Finally, save a recurring review date in your calendar. That’s your deadline for sitting down and reviewing the performance and elements of your vegan marketing strategy.

Don’t know the landmines? Call us. We can help you.
Penelope – jacoi.com

Understanding your strengths and weaknesses.

The market for vegan products is different. Your business will have existing strengths and weaknesses in this market. For example, if you fur then you have a point of  weakness in this market. Why? Because it’s famous for the animal cruelty associated with its production. Similarly, if a plant-based food fan sees foie gras in the menu while looking for your vegan burger they’re likely to walk straight out, not come back and tell their friends.

Your plant-based marketing must take account of how your business’ strengths and weaknesses will affect your marketing.

Begin your marketing strategy with simple SWOT analysis; look at your strengths, weaknesses, opportunities and threats. It is a good idea to try to get insights from any existing vegan or vegetarian customers you have at this point, as it will help you to build a more specific picture of your positioning in the marketplace.

Strengths could include:

  • personal and flexible customer service (e.g. vegan cheese option)
  • special benefits or features that your products offer (e.g. high in B12)
  • specialist knowledge or skills

Weaknesses could include:

  • limited financial resources
  • lack of an established reputation (e.g. no vegan products or options yet)
  • inefficient sales systems (e.g. hard to customise orders)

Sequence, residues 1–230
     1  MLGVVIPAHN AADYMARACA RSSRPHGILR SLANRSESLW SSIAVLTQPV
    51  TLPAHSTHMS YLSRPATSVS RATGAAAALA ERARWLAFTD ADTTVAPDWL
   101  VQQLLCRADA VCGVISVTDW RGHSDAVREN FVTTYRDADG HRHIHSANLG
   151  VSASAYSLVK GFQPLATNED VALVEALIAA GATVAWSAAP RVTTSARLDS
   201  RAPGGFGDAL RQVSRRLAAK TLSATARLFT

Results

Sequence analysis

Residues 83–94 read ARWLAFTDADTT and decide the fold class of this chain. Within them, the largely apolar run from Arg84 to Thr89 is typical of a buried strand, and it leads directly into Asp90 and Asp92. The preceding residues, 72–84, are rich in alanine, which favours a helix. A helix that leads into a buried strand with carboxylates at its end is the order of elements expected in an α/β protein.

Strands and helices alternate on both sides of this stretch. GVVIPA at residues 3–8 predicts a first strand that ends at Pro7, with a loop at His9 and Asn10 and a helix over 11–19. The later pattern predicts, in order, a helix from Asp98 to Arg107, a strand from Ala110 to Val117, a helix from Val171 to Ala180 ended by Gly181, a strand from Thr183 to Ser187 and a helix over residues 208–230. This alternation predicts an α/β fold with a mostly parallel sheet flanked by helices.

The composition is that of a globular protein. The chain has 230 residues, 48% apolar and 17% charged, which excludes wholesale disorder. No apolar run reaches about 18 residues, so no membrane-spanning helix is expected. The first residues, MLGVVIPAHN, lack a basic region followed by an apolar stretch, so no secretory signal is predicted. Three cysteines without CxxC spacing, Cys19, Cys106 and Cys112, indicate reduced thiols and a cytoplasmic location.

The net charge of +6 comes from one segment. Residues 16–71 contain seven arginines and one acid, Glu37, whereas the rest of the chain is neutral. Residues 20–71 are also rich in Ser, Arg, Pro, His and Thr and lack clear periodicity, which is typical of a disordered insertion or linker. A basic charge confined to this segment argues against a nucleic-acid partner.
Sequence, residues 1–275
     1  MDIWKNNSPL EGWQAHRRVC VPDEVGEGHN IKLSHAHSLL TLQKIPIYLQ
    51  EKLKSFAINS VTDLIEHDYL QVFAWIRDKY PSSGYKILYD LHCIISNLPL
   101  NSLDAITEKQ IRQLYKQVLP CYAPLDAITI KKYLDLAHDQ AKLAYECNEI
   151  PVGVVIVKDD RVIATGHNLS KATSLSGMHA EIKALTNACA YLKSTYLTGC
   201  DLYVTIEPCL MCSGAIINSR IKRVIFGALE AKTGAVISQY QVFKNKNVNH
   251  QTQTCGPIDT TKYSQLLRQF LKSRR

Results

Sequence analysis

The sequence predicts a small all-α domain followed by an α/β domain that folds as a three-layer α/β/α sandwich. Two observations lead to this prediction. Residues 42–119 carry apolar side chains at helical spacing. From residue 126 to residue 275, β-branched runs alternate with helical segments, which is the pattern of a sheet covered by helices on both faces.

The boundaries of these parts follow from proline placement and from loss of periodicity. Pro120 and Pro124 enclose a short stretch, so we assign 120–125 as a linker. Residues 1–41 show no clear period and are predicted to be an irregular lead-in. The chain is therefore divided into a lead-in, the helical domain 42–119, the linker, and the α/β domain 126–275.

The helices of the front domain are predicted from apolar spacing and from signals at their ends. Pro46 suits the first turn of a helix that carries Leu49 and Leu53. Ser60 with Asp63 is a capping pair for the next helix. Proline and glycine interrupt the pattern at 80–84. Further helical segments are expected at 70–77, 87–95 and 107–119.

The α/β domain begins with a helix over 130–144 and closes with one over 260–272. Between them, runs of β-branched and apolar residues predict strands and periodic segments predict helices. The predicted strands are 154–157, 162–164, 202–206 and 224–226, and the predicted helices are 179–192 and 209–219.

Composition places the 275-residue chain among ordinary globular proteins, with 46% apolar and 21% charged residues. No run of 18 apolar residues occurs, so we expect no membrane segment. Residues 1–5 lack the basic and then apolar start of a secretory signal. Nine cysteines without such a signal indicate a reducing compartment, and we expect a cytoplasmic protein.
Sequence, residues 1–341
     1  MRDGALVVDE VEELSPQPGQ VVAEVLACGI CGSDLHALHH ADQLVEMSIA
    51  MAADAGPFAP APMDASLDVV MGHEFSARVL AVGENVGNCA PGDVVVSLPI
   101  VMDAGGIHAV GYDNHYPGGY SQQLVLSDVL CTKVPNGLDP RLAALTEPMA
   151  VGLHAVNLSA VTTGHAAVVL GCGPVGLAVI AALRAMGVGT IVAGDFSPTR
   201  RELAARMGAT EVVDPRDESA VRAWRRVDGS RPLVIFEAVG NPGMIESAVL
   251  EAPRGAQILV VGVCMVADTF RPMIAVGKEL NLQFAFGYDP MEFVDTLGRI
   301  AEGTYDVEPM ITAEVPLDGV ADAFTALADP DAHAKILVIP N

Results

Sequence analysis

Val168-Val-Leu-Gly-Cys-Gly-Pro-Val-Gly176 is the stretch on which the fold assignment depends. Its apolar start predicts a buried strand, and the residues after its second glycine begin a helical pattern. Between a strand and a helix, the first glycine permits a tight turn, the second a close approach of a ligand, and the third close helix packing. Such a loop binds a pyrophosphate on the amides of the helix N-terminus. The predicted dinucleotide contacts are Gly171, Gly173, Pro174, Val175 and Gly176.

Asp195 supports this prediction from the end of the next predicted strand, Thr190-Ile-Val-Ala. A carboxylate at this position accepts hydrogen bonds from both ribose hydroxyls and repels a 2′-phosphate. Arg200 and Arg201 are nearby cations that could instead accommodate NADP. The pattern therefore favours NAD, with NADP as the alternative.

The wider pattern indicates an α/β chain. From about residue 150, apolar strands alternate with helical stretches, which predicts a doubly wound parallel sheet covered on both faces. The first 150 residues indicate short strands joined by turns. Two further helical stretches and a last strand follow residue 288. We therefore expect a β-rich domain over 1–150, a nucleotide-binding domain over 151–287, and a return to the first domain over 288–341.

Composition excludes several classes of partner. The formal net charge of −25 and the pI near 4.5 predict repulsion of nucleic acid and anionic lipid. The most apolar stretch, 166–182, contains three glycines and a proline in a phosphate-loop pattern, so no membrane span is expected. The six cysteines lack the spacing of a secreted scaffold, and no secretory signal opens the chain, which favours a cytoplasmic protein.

Opportunities could include:

  • increased demand from a particular part of the plant-based market sector (e.g. people always asking if you have a plant-based cheese option)
  • using the internet and conversations with local grocery stores or specialised vegan product stores to identify new market demands and potential customers
  • new technologies, suppliers, or ingredients that allow you to improve your offering profitably

Threats could include:

  • the emergence of a new competitor
  • more sophisticated, attractive or cheaper versions of your goods or services
  • staff who make mistakes when taking orders
  • economic shocks like COVID-19 (e.g. a need to ensure products can be home delivered but retain quality)

Having done your analysis, you can then evaluate the potential effects each factor may have on your marketing strategy.

Try to identify the best ‘hero’ product or service that you could use to push aggressively into the plant-based market to help you attract new customers.

What next?

So, you’re ready to kick off your vegan marketing strategy. But, you want more information.

If you need vegan marketing ideas, have a look at a good vegan marketing example from your industry. Read up on vegan digital marketing if you’ve decided to focus on online channels.

If you’re in the food sector, make sure you know which types of food ingredients aren’t plant-based before you implement your strategy.

The key take-away you should have is that it’s becoming essential offer vegan options. You were already competing in the plant-based market, even if you didn’t know it. 

The plant-based market is different. You can be successful if you think outside the box and identify strategies to get your slice. 

Do you want to learn more about the vegan market?

Here’s how we can help:

  • Take our specialty training program!
  • Follow us on any of the socials to receive regular tips.
  • Contact us! We can help you take action.

What are vegan marketing jobs? 

Vegan marketing jobs are roles that promote vegan products or businesses.

What are vegan marketing jobs? 

Vegan marketing jobs are roles that promote vegan products or businesses.

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PenelopeFry

With over 17 years in international vegetarian and vegan communities on and off-line, I work hard to follow these niche markets and trends. I have provided menu advice for over 40 restaurants and cafes across 11 countries... and counting! Vegan food is my passion, but I also like sailing and cycling.

12 YEARS OF
MARKET KNOWLEDGE